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Be the first to receive all of Jameson’s updates by subscribing to Cannabis Professional, and follow along on Twitter with the #CannabisAcrossCanada hashtag.

In addition to regular reports for Cannabis Professional, he will be live-tweeting his journey. Follow along with him @grassreporter

Not a Cannabis Professional subscriber? Sign up for a 14-day free trial here.

Canadians’ experience with legal cannabis differs dramatically based on where they live.

In Saskatchewan, residents can order recreational cannabis online directly from a private bricks-and-mortar store and have it delivered the same day. Nova Scotians can pick up a pre-roll and a bottle of peppermint schnapps from the same government-owned retailer. Ontario residents are still waiting for their government to figure out how to get more physical stores to open their doors. In Vancouver, meanwhile, convenient access to cannabis has actually declined since the days of prohibition, as only a handful of local legacy-market pot shops have successfully transitioned into the new legal regime.

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There really is only one way to get a sense of how cannabis legalization is going in Canada while taking such wide-ranging regional differences into account: get on the road and ask.

That is exactly what I intend to do.

Starting in Vancouver on Sept. 25 and ending Oct. 17 in in St. John’s – exactly one year after the first gram of legal weed was sold there – I will be driving across the country speaking with the folks trying to bring light to an industry that has spent nearly a century operating in the shadows. Cannabis retailers, processors, marketers, researchers, delivery drivers, consultants and, of course, cultivators in 16 cities across all 10 provinces will share their views on what is working – and what is not – in the legal cannabis world as the industry approaches its first anniversary.

Issues related to balancing supply and demand, combating the illegal market, struggles with profitability, expectations for the coming edibles market, giving entrepreneurs a chance to compete with multibillion-dollar corporations and the state of social stigma towards cannabis use are among just a few of the topics I hope to learn more about along my route.

I will also be asking industry insiders I meet to participate in our first-ever Cannabis Confidence Survey (if you or someone you know works in legal cannabis, they can register here to participate) in hopes of amassing some data to support what to date has been little more than anecdotes.

The road ahead for legal cannabis is littered with potholes capable of delaying arrival at its much-ballyhooed destination, where crime and cannabis use among kids is lower while economic growth and social justice is higher. I am excited to identify where those potholes are and, hopefully, help the country drive around them.

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Jameson will be in the following cities on the following dates.

  • Sept. 25 Vancouver, British Columbia Mike Babins of the Evergreen Cannabis, one of the few legacy-market pot shops in the city to successfully transition to the legal market Read the report: Day 1—How two prohibition-era cannabis entrepreneurs went legit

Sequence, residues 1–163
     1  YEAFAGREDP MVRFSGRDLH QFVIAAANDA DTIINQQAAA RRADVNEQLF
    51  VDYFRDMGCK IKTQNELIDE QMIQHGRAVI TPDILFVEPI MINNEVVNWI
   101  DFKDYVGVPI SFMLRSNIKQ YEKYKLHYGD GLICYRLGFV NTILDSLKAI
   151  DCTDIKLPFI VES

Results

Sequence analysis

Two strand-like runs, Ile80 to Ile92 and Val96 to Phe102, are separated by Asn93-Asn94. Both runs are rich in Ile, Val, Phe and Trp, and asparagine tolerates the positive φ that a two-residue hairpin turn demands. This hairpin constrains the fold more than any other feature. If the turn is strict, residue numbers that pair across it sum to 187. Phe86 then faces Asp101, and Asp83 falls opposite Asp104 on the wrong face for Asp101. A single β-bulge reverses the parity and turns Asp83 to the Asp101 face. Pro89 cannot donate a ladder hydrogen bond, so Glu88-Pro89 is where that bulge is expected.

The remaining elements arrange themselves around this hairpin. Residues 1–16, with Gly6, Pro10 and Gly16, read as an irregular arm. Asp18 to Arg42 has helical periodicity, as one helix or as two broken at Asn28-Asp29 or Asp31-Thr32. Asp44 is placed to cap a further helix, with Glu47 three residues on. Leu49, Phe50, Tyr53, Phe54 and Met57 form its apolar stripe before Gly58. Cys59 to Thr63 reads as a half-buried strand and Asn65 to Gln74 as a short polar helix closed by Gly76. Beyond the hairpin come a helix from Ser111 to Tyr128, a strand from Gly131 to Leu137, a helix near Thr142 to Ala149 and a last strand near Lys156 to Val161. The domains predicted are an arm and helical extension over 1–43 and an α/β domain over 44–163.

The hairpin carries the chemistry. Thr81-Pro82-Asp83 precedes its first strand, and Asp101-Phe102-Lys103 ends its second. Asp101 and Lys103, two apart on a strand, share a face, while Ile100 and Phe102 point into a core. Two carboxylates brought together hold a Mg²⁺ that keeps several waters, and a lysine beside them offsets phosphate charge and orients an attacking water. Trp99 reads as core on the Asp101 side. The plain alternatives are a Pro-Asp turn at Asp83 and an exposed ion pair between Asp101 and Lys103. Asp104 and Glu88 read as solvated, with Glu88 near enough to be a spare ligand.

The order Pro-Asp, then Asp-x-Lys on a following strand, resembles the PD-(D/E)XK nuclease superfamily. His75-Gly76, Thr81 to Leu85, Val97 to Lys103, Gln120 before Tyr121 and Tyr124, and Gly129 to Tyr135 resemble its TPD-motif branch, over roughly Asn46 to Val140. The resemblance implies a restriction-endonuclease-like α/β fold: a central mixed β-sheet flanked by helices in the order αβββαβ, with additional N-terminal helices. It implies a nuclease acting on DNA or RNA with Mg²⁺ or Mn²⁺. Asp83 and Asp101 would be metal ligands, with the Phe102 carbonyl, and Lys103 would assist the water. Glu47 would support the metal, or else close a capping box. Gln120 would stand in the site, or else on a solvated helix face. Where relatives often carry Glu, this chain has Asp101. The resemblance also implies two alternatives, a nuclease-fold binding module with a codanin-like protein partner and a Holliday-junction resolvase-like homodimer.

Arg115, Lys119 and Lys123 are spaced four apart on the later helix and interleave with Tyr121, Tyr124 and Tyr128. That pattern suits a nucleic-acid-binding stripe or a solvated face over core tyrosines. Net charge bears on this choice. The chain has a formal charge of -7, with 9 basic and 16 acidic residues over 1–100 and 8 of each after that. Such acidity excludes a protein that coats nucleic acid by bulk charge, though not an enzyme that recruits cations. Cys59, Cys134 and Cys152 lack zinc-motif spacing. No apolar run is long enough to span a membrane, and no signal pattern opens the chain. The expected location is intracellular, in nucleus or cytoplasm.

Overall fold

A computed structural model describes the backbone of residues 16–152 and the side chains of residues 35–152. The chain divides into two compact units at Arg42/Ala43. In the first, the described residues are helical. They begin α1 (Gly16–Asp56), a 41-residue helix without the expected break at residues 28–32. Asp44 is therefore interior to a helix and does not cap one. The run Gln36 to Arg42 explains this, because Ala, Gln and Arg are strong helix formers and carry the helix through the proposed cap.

• Sept. 26 Chase, British Columbia Habitat Craft Cannabis, a micro-cultivator that uses aquaponics to recycle 99% of the water used to grow cannabis plants Read the report: Day 2—Salmon and cannabis: a fish tale in the heart of B.C.

  • Sept. 27 Kelowna, British Columbia Valens GroWorks in the morning, one of Canada’s largest cannabis processors. Flowr in the afternoon, a cultivator claiming to have struck the perfect balance between efficiency and scale by keeping much of their supply chain contained within its Kelowna campus.

  • Sept. 29 Lethbridge, Alberta Dr. Igor Kovalchuk, co-founder of InPlanta Biotechnologies, Canada’s first licenced cannabis nursery

  • Oct. 1 Saskatoon, Saskatchewan Mike Vioncek, chief operating officer of Fire & Flower, touring the company’s Saskatchewan wholesale operations, one of the very few privately held legal cannabis wholesalers in the country

  • Oct. 3 Winnipeg, Manitoba Curtis Ling, regional manager of Pineapple Express, same-day cannabis delivery service operating in one of the few jurisdictions allowing such businesses to exist (RIDE-ALONG) and (PENDING) meeting with Chief Christian Sinclair of the Opaskwayak Cree Nation

  • Oct. 5 Thunder Bay, Ontario Rejeanne Runciman, Owner of Trixx Cannabis in the morning and a representative of the Thunder Bay Police Service in the afternoon

  • Oct. 6 Hearst, Ontario Joel Lacelle, owner of micro-cultivator Hearst Organics

  • Oct. 8 Ottawa, Ontario Mark Spear of the Wildfire Collective in Calabogie

  • Oct. 9, 10 Montreal, Quebec HEXO in Gatineau in the morning and C3 – a cannabis R&D hub working with McGill outside of the Montreal area – in the afternoon of the 9th and on the 10th, Neptune Wellness

  • Oct. 12 Moncton, New Brunswick Jeff Purcell, SVP operational services for major cultivator Organigram, offering a tour of the company’s main campus

  • Oct. 14 Charlottetown, Prince Edward Island Dosecann, part of the Auxly Cannabis Group and one of Canada’s largest cannabis extraction facilities, has graciously agreed to offer a tour of its Prince Edward Island facility on the holiday Monday

  • Oct. 15 Halifax, Nova Scotia Nova Scotia Liquor Commission, the only retailer in Canada authorized to sell both alcohol and cannabis, will showcase its unique position

  • Oct. 16, 17 St. John’s, Newfoundland Thomas Clarke, a private cannabis retailer who says he can barely afford to stay open

Cannabis Professional goes cross-country to find where Canadian cannabis is headed.

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